4) [v.s. ...] m. a kind of Śaiva ascetic who carries a human skull and uses it as a receptacle for his food (he belongs to the left-hand sect), [Varāha-mihira’s Bṛhat-saṃhitā; Bhartṛhari i, 64; Prabodha-candrodaya liii, 5; Kathāsaritsāgara] etc.
5) [v.s. ...] Name of a mixed class (kapālin), [cf. Lexicographers, esp. such as amarasiṃha, halāyudha, hemacandra, etc.]
6) [v.s. ...] Name of a teacher
7) [v.s. ...] n. a kind of leprosy
8) [v.s. ...] mfn. peculiar to a Kāpālika, [Prabodha-candrodaya; Pañcatantra]
[Sanskrit to German] (Deutsch Wörterbuch)Source: Cologne Digital Sanskrit Dictionaries: Böhtlingk and Roth Grosses Petersburger Wörterbuch
Kapālikā (कपालिका):—(von kapāla) f. gaṇa śarkarādi zu [Pāṇini’s acht Bücher 5, 3, 107.]
1) Scherbe [Kauśika’s Sūtra zum Atuarvaveda 26.] [Manu’s Gesetzbuch 4, 78. 8, 250.] [Mahābhārata 13, 5013.] [Suśruta 1, 268, 12. 2, 12, 20.] —
2) Weinstein der Zähne [Suśruta 1, 305, 9. 2, 128, 13.] — kapālika adj. [Pañcatantra I, 239] wohl fehlerhaft für kāpālika .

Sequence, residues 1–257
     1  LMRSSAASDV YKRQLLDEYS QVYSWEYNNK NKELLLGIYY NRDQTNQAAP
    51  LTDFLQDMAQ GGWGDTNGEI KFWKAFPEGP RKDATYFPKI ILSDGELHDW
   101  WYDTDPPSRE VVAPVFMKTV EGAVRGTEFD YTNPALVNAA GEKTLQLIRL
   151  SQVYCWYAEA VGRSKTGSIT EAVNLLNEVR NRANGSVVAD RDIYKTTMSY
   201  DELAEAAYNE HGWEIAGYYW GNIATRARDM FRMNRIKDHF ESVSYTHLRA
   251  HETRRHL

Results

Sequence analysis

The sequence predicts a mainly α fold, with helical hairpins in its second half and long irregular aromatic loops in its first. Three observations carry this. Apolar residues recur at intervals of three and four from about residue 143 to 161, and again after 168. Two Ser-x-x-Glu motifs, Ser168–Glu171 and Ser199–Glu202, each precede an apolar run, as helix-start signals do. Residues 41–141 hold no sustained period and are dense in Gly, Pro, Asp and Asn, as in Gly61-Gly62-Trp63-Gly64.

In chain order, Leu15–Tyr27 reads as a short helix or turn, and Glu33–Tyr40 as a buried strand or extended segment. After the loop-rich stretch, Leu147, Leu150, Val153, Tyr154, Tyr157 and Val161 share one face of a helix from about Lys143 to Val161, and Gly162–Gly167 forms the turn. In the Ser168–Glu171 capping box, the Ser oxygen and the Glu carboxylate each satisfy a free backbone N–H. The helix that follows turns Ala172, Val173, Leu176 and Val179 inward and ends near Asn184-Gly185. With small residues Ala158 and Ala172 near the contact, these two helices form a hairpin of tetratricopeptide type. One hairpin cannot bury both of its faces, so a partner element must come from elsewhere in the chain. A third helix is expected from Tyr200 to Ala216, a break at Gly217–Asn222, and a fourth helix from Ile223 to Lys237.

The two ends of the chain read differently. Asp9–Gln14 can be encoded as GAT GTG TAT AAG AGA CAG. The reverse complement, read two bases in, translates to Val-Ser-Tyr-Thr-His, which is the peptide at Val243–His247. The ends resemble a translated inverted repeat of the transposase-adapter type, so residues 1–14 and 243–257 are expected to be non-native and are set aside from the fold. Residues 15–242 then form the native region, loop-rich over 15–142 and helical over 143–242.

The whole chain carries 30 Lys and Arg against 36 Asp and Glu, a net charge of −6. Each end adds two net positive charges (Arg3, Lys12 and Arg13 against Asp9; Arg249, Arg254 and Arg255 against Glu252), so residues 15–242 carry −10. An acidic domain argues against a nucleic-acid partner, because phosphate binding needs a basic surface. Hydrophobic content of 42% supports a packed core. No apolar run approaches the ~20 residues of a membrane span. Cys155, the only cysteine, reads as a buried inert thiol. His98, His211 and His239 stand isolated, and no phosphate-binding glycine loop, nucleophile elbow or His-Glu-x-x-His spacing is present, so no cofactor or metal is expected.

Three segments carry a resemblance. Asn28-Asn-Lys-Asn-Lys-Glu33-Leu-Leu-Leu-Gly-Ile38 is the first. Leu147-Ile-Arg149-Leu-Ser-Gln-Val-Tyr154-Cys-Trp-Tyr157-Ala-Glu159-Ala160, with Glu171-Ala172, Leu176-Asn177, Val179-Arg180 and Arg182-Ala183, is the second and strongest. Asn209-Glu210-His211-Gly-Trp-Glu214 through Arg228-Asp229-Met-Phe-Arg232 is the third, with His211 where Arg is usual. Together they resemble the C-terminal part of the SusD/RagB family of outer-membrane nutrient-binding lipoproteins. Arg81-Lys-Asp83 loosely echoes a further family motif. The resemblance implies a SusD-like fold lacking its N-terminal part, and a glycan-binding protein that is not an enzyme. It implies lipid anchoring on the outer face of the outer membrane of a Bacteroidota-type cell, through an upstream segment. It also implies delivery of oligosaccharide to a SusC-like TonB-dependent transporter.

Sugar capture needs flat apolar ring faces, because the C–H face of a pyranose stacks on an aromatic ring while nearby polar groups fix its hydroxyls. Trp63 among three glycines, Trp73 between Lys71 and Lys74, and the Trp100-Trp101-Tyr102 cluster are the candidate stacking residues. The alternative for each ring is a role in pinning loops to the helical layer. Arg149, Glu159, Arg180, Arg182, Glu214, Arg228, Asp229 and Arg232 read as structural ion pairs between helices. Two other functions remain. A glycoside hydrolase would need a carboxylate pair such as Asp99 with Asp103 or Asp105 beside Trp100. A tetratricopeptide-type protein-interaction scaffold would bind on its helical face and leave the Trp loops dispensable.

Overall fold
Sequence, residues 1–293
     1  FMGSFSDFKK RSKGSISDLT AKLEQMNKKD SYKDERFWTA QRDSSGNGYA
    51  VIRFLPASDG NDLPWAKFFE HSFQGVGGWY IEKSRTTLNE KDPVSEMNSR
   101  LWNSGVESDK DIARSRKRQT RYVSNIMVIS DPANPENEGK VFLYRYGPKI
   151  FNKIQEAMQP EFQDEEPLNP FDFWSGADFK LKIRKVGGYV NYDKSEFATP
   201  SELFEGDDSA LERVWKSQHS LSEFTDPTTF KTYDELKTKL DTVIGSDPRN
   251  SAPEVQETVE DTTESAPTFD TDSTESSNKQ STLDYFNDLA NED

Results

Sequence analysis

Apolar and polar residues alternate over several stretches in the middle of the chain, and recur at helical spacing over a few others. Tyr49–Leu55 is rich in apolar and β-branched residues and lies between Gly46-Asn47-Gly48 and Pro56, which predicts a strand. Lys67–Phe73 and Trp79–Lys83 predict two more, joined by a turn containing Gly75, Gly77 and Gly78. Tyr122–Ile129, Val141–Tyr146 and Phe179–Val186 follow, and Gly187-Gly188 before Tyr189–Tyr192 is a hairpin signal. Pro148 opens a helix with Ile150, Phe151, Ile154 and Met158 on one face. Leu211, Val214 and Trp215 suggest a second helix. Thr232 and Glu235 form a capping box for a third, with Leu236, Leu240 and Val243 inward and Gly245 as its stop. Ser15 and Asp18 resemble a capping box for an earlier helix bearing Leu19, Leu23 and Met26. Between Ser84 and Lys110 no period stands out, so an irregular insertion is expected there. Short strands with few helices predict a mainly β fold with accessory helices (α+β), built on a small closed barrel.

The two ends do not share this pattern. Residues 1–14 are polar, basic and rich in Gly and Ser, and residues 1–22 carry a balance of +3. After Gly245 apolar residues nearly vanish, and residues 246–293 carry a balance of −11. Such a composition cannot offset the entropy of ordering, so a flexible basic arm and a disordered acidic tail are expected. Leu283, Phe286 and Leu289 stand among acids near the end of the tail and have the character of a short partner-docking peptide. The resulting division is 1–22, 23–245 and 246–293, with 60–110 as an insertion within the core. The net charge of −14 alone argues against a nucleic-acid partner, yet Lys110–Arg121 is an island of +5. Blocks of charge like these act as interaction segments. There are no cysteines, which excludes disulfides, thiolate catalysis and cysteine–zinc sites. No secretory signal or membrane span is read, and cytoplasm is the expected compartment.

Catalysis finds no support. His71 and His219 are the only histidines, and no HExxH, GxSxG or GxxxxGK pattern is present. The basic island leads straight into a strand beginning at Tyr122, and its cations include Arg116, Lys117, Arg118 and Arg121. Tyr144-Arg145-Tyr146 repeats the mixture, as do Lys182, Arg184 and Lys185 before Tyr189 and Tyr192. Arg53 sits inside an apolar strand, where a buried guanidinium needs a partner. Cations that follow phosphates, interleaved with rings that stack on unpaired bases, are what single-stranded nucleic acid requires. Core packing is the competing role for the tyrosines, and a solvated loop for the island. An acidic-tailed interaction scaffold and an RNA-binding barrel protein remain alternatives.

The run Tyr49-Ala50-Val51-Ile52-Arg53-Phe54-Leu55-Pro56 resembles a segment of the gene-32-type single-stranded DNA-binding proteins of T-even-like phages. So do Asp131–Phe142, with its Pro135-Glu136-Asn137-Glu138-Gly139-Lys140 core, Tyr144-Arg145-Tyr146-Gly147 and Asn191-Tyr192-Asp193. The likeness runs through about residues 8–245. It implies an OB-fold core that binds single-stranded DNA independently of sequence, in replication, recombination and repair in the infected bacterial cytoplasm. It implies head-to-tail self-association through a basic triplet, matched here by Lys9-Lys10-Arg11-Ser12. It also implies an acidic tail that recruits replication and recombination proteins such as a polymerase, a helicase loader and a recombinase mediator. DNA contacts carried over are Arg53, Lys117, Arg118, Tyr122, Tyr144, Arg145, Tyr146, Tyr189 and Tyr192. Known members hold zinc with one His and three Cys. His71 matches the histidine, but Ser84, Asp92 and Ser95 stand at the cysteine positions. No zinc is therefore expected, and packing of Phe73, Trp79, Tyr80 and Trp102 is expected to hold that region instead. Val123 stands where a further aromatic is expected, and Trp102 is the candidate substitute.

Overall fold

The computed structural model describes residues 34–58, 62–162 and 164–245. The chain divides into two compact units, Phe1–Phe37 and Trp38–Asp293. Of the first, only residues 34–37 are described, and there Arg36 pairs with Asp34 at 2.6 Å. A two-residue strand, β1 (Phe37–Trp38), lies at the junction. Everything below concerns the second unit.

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1) (wie eben) a) adj. oxyt. = kapālikeva gaṇa śarkarādi zu [Pāṇini’s acht Bücher 5, 3, 107.] — b) m. Anhänger einer bestimmten Śiva'itischen Secte; hat seinen Namen daher, dass er mit Menschenschädeln sich schmückt und aus Menschenschädeln isst. [Colebrooke I, 406.] [Bhartṛhari 1, 64.] [Prabodhacandrodaja 53, 5. fgg.] (vgl. die deutsche Uebers. [S. 172. fg.]). [Kathāsaritsāgara 26, 248.] dhṛtakāpālikavratāḥ [19, 74.] [Burnouf 568.] Nach dem [Tantrasāra im Śabdakalpadruma] auch Bez. einer Mischlingskaste (vgl. kapālin). —